A confluence of events in the ’90s led to our current understanding of sustainable thinking. Most notable was the dawn of the information age, which brought the damaging side effects of consumerism right into your home at a mere keystroke. Today, people around the world are demanding action to achieve true sustainability. Consumers are expressing a willingness to pay more for a product that they feel is responsibly sourced and environmentally friendly. Likewise, investors are becoming more forgiving with companies’ earnings reports when they see strategies in place for long-term sustainable growth. This shift in thinking is causing societies, governments, and businesses to turn back to a cyclical economy based on sustainability.
I feel that it is important to point out that the “-ism” is not to blame for the current state of the world. Every ideology has its flaws, and the two main opposing economic theories of the modern world – socialism and capitalism – are both equally guilty of expressing selfish attitudes. In their current forms, neither seems sustainable. What we need to focus on now is a sustainable mindset, looking back to our past to some simple concepts that we can apply to our current world. Ancient wisdom resonates with the sustainable revolution that is happening today. Land needs to be fertilised and ploughed to maintain it, and this type of natural thinking needs to be applied to economic systems to bring us back to a circular economy. Preserving our ecosystem should be a natural by-product of this rediscovered mindset, although we may need to work harder to repair the damage that has already been done.
Millennials have already begun to reverse the trend. As this generation begins taking the lead and moving into the world’s various positions of power, they are looking at things in a very different way. Millennial culture is reverting back to old social values and systems that were slowly stripped away from average middle-class workers. So, it comes as no surprise that companies founded or run by millennials share this same way of thinking. To them, we are simply going back to values we should have had already, which were nearly lost over the last century when profits were the only measure of success. We lost the ability to understand the value of long-term sustainability and growth.
Think about this. In its day, the East India Company was virtually the treasury of the British Empire. In its prime, it owned most of the world and controlled half of all of the world’s trade. Today, due to lack of foresight and an aggressive fixation on profit, it exists only in textbooks. So, which companies are creating legacies? First, companies that foster cultures of self-sufficiency; second, companies that focus on achieving goals rather than micromanaging the way they are obtained; and third, companies that focus on the dignity of labour in the understanding that you are only as strong as your weakest link, and labor of any kind needs to be respected. Additionally, empowering employees to feel like owners supports a sustainable culture. The longer-term we think, the more sustainable we can be, and those are the companies that will exist in the future.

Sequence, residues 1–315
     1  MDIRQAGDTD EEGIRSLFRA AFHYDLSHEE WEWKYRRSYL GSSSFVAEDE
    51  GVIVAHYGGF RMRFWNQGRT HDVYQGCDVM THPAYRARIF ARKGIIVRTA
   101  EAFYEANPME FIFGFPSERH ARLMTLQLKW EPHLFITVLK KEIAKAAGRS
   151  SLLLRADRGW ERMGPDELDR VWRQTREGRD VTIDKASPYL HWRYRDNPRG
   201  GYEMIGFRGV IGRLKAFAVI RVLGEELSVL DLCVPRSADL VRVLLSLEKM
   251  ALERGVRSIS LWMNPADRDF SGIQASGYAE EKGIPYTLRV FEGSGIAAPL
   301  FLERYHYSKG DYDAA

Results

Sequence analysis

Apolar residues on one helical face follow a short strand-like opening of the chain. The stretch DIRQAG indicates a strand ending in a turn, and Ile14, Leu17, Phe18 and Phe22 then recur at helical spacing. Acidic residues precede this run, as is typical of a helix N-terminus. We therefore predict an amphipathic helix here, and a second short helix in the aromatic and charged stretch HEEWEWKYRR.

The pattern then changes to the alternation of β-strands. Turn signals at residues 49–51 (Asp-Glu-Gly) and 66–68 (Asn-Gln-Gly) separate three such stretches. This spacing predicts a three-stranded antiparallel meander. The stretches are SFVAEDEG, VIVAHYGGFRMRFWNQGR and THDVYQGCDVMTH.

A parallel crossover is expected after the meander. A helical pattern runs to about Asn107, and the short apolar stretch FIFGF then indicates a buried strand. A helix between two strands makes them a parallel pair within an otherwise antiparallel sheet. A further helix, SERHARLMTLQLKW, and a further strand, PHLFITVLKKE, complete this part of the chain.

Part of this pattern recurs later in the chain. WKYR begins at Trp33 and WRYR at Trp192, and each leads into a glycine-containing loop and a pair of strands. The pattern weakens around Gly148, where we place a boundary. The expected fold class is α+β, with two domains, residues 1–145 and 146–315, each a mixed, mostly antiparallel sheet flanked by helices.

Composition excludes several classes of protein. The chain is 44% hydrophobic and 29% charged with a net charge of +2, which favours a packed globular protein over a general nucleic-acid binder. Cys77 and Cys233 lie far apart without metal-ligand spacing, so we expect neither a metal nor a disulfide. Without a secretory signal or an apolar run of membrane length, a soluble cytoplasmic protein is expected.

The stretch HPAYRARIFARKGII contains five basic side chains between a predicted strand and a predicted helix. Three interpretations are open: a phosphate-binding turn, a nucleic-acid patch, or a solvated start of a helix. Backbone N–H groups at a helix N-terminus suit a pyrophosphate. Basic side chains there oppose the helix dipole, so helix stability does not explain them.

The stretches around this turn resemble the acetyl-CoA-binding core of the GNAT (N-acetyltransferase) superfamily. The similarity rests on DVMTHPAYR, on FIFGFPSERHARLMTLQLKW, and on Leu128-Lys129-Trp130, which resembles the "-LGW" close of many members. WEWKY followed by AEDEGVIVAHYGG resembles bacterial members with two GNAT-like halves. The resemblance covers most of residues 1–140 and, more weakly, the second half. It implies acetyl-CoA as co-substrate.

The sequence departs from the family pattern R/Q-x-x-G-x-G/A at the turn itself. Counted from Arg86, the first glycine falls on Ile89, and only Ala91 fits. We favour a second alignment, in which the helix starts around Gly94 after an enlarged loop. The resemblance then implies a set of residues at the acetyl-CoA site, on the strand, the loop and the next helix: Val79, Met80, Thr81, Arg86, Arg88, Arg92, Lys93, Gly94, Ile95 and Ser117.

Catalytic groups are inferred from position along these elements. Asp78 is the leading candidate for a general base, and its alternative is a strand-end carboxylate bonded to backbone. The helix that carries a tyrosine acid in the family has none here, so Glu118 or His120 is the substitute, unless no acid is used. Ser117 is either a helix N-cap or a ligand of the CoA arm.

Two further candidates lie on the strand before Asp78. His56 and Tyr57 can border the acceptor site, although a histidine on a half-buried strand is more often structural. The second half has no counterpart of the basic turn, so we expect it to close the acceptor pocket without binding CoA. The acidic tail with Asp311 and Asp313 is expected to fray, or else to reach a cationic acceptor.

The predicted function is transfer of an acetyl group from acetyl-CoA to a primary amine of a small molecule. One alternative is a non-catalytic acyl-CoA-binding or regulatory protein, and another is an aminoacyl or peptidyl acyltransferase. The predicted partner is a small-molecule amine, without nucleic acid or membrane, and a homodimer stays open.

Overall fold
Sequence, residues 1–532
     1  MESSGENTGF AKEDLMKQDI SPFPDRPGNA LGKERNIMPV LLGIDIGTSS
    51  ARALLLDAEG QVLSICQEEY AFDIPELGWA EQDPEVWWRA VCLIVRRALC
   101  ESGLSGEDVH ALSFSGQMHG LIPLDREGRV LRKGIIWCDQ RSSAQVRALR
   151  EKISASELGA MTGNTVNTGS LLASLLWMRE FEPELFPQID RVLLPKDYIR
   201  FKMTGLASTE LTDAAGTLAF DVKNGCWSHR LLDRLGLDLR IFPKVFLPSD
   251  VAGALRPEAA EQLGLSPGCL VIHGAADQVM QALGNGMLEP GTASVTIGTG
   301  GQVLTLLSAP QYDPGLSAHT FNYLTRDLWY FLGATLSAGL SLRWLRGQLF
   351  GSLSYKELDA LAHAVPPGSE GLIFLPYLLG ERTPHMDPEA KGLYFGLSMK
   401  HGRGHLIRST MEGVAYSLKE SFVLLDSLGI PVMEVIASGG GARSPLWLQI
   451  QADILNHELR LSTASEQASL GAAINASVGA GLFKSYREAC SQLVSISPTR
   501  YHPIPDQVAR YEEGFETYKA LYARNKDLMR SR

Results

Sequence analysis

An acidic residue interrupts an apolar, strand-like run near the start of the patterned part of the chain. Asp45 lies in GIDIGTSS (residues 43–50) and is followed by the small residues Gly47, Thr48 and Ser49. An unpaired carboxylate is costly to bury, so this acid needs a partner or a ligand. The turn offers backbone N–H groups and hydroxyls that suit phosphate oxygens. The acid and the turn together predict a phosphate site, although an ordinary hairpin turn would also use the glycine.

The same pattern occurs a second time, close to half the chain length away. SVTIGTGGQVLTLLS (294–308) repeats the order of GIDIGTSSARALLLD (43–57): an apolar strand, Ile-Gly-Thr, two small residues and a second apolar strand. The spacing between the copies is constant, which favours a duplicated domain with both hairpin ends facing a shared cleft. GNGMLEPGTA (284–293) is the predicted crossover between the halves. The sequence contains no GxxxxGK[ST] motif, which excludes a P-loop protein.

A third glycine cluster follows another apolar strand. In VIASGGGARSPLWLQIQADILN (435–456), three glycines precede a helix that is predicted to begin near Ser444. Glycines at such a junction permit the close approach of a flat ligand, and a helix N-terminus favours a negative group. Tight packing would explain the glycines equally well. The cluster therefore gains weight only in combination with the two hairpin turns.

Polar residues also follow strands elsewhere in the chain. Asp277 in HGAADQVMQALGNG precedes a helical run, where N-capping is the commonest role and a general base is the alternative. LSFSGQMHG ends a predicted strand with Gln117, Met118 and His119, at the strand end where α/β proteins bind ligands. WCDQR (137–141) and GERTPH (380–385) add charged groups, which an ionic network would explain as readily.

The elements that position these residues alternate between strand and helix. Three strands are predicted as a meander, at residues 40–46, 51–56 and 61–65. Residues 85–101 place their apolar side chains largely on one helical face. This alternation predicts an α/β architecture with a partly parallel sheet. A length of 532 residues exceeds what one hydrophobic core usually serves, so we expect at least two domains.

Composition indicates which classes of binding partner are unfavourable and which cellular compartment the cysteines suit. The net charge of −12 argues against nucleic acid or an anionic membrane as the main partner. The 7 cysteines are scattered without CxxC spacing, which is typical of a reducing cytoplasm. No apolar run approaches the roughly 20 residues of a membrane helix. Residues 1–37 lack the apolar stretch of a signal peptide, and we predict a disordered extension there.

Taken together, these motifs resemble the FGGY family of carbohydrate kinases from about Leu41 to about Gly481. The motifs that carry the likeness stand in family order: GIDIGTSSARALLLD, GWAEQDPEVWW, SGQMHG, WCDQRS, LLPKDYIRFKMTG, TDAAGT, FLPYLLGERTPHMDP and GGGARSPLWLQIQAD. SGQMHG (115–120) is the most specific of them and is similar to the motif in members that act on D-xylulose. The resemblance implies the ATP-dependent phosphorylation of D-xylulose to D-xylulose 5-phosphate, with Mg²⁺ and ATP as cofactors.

The Problem with Plastic
To speed up the changes that need to take place in our world, it is imperative that businesses lead the way. Every sector is still guilty of contributing to some of the planet’s sustainability problems. The most visible problem in our world today is plastic. Once hailed as a miracle material capable of building every modern joy a consumer could ever want, it is now a pollutant that we need to minimise.
All of the world’s plastic can fill every skyscraper in New York City, and at least 40 percent of this is single use only. After it gets thrown away, only nine percent gets recycled. Plastics never biodegrade, they release toxic additives into the environment, and more than three-fourths of it ends up in landfills. Over eight million tons of plastic are dumped into our oceans every year. An estimated 100,000 marine creatures die from plastic entanglement every year. Plastic is everywhere, even at the deepest depths of our ocean where humans have never been.
One of the fastest and most effective changes businesses can make is to stop single use plastic products in their organisation. Businesses are poised to help bring about that change faster than governments and NGOs can, and all they have to do is change their mindset. I already know this to be true from experience. I started by banning the use of single-use plastic at my company and in all of our offices. No one is allowed to bring in plastic bags, plastic water bottles, disposable coffee cups, or take away containers from restaurants. This is forcing everyone to make changes to their daily habits, such as bringing in their own water bottles, travel coffee mugs, and reusable containers for food. These are small changes, but ultimately, the goal is to reduce plastic waste overall. The only things this change required was a shift in mindset.
A Sustainable Plant-Based Future